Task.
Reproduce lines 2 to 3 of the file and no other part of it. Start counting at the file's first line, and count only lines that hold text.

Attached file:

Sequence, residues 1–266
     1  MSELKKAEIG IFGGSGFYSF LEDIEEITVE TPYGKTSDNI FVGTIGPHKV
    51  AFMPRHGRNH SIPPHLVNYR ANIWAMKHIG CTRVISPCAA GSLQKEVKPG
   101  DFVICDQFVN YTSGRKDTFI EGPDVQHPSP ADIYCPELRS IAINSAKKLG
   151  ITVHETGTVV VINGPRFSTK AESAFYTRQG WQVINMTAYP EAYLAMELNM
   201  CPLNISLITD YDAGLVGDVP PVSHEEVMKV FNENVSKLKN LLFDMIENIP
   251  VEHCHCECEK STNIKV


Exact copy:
     1  MSELKKAEIG IFGGSGFYSF LEDIEEITVE TPYGKTSDNI FVGTIGPHKV
    51  AFMPRHGRNH SIPPHLVNYR ANIWAMKHIG CTRVISPCAA GSLQKEVKPG